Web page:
Let’s be honest. Hollywood has produced some of the greatest love stories of all time, and we’re not just talking about on-screen romances. Although Tinseltown still runs rampant with secret love affairs and whirlwind romances, there was something magical about Hollywood’s Golden Era.
The gossip, the fashion, and the weddings (oh, the weddings!) were on a completely different level than they are today. From romances that fizzled out quickly to everlasting marriages and whirlwind romances, Hollywood has no shortage of lovestruck stars. So, what better way to celebrate these moments than by taking a look back at wedding photos from the most beautiful celebrity weddings of all time.
When actor Humphrey Bogart fell for Lauren Bacall on the set of To Have and Have Not, he was 25 years her senior—not to mention married at the time. But despite these road bumps, their affair blossomed into of the most legendary romances in Hollywood. Since Bogart was married at the time, the two were forced to meet up in secret.
This meant late-night rendezvous in Bogart’s car, meeting up at the golf club, and making sure they had time for each other during breaks in shooting. They even called themselves “Slim” and “Steve,” the same nicknames that their characters had in To Have and Have Not. Bacall was right when she wrote in her 1985 memoir that “No one has written a romance better than we lived it.”
Shirley Temple married actor John Agar at the Wilshire Methodist Church in Los Angeles, California, in September 1945. The child actress wore a silk gown complete with pearl detailing. The wedding reception—which hosted 700 guests, no less— was held at Temple’s parents’ home in California.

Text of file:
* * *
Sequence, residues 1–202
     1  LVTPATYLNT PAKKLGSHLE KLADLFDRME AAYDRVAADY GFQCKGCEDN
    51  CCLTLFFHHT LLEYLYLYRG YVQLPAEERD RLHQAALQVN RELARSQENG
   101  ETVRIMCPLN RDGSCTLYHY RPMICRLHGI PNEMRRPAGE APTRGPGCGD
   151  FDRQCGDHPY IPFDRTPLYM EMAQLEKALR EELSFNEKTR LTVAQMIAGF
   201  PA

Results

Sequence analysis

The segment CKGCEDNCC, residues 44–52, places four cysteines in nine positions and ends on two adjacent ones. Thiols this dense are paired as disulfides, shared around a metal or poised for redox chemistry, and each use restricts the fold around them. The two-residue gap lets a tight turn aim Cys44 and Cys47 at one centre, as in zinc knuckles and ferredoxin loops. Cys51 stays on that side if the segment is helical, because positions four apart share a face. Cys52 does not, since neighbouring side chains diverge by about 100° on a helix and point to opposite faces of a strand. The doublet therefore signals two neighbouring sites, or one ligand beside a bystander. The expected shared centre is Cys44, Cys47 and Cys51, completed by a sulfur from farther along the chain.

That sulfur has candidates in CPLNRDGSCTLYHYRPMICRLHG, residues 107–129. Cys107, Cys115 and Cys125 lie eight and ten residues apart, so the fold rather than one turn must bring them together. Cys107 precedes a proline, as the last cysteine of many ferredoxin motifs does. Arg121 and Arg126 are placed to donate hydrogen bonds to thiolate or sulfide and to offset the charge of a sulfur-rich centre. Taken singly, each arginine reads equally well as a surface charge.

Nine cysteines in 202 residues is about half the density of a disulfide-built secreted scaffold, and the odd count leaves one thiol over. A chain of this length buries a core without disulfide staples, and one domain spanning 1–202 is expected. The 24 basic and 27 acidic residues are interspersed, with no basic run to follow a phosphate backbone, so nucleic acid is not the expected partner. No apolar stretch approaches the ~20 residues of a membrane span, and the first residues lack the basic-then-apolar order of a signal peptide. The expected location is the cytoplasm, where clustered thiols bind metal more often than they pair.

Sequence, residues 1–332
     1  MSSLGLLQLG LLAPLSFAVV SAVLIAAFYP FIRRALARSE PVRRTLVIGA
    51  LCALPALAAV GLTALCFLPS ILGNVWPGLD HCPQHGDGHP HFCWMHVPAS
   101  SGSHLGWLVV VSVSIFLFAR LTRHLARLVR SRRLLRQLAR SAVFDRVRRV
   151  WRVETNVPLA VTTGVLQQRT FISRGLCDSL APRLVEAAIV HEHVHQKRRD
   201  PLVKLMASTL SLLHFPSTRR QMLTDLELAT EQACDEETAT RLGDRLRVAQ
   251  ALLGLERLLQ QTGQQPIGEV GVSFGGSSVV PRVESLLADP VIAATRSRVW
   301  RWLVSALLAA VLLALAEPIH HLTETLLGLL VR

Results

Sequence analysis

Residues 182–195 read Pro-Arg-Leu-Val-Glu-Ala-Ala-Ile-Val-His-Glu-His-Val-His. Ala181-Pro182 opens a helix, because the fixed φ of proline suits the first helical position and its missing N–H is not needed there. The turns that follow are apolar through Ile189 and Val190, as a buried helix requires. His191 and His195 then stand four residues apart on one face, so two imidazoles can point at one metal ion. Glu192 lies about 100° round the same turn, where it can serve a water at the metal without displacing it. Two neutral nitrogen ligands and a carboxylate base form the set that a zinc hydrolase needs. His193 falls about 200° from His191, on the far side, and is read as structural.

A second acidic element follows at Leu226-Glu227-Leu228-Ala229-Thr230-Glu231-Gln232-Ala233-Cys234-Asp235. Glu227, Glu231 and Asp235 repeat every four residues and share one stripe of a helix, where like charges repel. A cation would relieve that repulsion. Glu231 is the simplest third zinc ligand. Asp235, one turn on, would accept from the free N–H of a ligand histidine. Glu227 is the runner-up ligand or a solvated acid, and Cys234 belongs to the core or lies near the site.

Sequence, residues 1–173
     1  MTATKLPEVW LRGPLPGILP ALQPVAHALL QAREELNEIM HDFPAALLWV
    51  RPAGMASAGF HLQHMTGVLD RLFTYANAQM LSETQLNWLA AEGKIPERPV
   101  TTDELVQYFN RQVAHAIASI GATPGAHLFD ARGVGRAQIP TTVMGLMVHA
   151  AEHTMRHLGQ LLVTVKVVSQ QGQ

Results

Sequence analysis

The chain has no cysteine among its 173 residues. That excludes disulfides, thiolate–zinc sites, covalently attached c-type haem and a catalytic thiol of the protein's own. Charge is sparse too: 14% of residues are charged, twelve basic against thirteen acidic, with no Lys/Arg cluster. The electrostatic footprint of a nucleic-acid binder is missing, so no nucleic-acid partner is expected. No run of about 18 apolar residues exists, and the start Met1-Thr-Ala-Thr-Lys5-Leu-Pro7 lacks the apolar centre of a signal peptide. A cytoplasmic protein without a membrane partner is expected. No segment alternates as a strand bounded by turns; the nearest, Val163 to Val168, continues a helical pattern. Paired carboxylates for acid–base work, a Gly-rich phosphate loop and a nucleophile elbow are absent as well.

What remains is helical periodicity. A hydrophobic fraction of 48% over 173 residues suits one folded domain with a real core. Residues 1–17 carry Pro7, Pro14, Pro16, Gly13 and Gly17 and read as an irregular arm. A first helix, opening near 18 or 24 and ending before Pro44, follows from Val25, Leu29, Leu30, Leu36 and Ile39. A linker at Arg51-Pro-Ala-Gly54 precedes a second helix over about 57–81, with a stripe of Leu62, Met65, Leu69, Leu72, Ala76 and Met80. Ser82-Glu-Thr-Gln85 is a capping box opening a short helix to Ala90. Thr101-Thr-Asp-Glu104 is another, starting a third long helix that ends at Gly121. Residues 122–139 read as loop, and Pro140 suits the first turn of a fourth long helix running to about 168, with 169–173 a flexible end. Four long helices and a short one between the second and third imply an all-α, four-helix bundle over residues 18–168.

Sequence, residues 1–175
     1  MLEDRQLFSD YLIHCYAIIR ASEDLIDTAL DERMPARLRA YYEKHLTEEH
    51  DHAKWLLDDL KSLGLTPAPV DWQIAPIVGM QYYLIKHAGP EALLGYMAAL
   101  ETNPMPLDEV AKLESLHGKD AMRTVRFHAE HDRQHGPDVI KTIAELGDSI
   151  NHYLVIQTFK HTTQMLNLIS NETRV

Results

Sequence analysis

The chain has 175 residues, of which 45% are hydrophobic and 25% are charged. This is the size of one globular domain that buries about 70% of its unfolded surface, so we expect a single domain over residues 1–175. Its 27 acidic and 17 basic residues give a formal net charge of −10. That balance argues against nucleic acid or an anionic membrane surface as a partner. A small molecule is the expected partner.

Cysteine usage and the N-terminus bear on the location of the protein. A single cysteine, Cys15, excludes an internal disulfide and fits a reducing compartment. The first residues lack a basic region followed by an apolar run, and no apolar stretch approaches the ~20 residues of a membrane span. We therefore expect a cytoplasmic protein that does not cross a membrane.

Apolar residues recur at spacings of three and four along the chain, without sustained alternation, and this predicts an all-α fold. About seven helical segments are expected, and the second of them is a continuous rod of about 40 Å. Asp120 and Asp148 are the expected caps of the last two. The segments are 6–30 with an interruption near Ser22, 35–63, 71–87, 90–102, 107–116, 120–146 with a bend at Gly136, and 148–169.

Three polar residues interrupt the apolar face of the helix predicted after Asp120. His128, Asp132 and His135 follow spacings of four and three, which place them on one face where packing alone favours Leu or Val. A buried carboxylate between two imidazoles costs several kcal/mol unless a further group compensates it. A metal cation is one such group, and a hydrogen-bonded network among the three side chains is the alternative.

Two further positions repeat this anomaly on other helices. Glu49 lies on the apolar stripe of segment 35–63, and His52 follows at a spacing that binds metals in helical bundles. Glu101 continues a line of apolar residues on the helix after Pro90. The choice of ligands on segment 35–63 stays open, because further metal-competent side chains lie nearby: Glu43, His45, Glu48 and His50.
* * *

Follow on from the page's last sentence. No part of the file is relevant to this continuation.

The child actress was excited to start her widely publicized new life with her husband, but unfortunately, this is Hollywood we’re talking about. Temple and Agar just couldn’t seem to make it work. Not even the birth of their daughter Linda Susan could stop Agar’s heavy drinking and temper. After five years of a turbulent marriage, Temple filed for divorce, citing “mental cruelty” as the reason for their separation.
After meeting on the set of Meet Me in St. Louis, Judy Garland married director Vincente Minnelli in 1945. This was Garland’s second marriage (he had been previously married to composer David Rose), and the couple had one child together, Liza Minnelli. Minnelli and Garland didn’t exactly get along when they first met.